As a startup CEO, when can I give myself a raise?

In the earliest stages of startups, founders will often do whatever it takes to keep the lights on and to drive the fledgling company in the right direction. Anyone with a fragment of experience will tell you that running out of money is the largest killer of promising startups. At some point, a company either fails or starts seeing revenue or fundraising money come in. That’s when many founders ask the question, “When can I give myself a raise?”

What will my investors say?

One of the knottiest questions to answer boils down to fiduciary responsibility - the company has been limping along on a shoe-string budget. Still, even after you are vc-backed and you have a bit more money in the bank account, it can feel scary to increase your burn rate by hiring more staff and starting to pay the founding team properly.

In short: Don’t worry about it: good investors will want you to take a wage. Yes, that has an impact on the company’s run rate, but it doesn’t matter. Startups are excruciatingly hard, and there will be many days you might be tempted to throw in the towel. Making sure that you pay yourself a market wage takes financial worries off the table - and if your company can’t afford your market wage yet, it is a good idea to make it clear to your co-founders, your investors, and your board that you are setting the intention to do so whenever you can.

How do I know what to pay myself?

That’s a tricky question because it depends on a few factors. If you’ve recently had a regular job, you’ll probably have a fair idea of what your market value is as an employee, so that’s a data point. You can also check with other startups that are roughly your stage and size - your investors may have data from across the portfolio that you can use as guidance.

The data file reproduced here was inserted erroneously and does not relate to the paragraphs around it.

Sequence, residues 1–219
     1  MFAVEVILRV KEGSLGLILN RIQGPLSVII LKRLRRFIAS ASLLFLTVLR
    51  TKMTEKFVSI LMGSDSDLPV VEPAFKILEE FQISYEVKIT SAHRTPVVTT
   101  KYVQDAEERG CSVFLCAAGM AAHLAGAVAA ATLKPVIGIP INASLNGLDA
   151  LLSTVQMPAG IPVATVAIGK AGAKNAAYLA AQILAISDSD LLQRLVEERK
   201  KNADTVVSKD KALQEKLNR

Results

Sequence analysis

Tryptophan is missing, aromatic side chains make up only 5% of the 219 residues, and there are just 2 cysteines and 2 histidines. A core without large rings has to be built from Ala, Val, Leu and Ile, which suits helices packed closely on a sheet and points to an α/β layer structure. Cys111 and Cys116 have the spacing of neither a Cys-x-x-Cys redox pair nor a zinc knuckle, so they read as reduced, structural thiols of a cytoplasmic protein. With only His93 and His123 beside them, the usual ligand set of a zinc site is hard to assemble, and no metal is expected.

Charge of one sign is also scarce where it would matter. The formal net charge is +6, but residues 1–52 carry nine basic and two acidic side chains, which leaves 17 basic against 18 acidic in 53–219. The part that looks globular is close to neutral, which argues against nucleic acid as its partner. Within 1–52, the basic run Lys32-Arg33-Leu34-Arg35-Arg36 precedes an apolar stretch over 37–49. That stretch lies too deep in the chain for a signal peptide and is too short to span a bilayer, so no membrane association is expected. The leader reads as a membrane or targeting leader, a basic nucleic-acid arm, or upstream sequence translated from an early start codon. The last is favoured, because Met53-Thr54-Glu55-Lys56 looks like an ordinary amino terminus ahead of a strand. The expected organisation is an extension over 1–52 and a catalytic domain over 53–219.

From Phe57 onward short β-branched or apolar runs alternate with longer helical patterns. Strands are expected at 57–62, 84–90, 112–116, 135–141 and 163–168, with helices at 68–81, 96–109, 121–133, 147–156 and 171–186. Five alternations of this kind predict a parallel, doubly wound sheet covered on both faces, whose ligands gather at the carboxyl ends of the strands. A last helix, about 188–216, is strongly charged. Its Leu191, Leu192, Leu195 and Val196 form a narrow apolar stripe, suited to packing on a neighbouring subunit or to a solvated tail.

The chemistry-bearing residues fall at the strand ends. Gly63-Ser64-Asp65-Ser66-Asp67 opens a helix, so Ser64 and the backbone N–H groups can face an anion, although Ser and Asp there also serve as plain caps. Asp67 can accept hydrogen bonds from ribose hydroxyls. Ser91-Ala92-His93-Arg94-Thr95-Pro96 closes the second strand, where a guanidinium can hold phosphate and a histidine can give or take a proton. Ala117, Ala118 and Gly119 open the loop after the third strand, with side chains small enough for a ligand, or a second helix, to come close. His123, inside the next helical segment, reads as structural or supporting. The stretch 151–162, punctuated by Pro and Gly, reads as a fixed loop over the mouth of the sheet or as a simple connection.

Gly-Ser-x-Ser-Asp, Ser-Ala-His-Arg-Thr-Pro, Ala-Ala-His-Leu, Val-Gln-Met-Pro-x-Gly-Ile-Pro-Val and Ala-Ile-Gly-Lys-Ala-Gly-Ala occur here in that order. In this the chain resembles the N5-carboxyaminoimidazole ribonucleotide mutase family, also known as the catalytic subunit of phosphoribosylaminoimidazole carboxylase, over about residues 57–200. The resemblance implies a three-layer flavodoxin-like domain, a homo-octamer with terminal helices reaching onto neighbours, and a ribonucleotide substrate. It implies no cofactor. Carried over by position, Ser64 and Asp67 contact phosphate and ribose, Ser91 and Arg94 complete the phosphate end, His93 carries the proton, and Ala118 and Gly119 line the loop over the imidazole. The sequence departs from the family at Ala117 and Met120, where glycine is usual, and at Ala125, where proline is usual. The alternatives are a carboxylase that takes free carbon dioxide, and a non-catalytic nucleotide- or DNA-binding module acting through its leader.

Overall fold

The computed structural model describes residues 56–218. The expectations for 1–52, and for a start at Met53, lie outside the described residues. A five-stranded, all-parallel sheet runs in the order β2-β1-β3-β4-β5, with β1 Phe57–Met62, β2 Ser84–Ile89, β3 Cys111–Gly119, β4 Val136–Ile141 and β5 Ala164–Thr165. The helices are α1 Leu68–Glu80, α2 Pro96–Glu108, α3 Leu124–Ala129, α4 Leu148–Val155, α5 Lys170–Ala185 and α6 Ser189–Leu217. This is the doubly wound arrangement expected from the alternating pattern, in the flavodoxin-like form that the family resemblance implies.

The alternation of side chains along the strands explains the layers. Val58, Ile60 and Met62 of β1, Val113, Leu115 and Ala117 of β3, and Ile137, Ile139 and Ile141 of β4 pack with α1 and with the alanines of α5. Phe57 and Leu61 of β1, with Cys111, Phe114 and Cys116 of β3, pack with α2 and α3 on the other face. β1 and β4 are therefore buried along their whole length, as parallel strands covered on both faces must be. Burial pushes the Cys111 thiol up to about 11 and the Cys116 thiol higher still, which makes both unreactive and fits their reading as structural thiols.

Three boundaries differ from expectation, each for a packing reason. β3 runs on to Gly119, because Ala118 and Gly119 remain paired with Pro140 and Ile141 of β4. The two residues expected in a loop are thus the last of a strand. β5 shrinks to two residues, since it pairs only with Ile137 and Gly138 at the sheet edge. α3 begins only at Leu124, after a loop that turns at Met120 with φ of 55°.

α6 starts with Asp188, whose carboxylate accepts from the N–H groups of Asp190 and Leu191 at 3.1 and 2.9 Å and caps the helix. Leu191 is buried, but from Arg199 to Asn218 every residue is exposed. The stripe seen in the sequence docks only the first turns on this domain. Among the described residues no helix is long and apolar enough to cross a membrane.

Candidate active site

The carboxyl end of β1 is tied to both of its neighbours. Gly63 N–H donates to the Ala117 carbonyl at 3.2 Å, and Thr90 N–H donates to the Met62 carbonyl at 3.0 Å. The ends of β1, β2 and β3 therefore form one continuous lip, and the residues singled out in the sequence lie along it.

Finally, there are some other excellent guides out there - such as our 2021 Startup Salary Report, (now updated for 2022!) which includes data going as far back as 2018, and shows how salaries typically increase from funding round to funding round.

What’s the right way to give myself a pay increase?

If you have investors, you probably have a board. Founder / C-suite pay is typically a conversation that you want to have with the board. We have seen founders who thought it was fair to increase their pay but forgot to inform the board. They only found out when one of the board members noticed an increase in staff costs without additional headcount. Suffice to say, that turned into a tense board meeting.

In our experience, the best way to handle this is the same way you would discuss anything else in a board meeting. Put it on the agenda, and do your homework to present your case. A natural time to do this would be tied to hitting certain milestones, in particular, associated with fundraising activities: Tying a pay-raise to a successful fundraise means that you can bake the updated salaries into the financial models for your post-fundraising company.

Your assignment, in either instance, is to do a cash flow forecast. Show how paying yourself appropriately won’t run the company into the ground. It’s not unheard of to remind the board that removing some personal financial stressors on the founding team will help you focus on the business rather than worrying about meeting rent that month.

You can get creative with compensation packages

If the money is tight, you can propose a slightly more creative solution. Some founders have negotiated themselves goal-based variable compensation packages. These can be as complex or as simple as makes sense for your business.

One example: “We want to set our base wage to $110 per annum. In months where we close more than $200k of sales, the founders are paid a $2k monthly bonus. When we hit our $200k goal six months in a row, we believe that proves that the business has become more stable; at that point, the bonus goes away and the new base wage becomes $150k until we negotiate a new founder compensation plan.”

When do most founders give themselves a raise?

Both our experience and data suggest that founders most often give themselves a raise after a successful fund raise. Raise a big Series A? That’s a great time to increase your salary. The following chart breaks down founder CEO pay by amount of funding raised. Note that CTOs may start out higher.

  $0-$2M $2M-$5M $5M-$10M $10M+
Average $114,000 $144,000 $159,000 $176,000

Assuming a startup is well funded, other common times for founders to increase their pay is at the fiscal or calendar year end/beginning, at particular development/product milestones, and at specific revenue targets.

Whatever structure you come up with, make sure you present it with scenarios and examples, along with your various cash flow forecasts. It becomes a pretty easy sell to the board if you can show with data and graphs that the company can afford to pay you what you need. And if the company can’t afford it, perhaps now is simply not the right time to take a pay increase.

To get started, check out our example financial models for startups.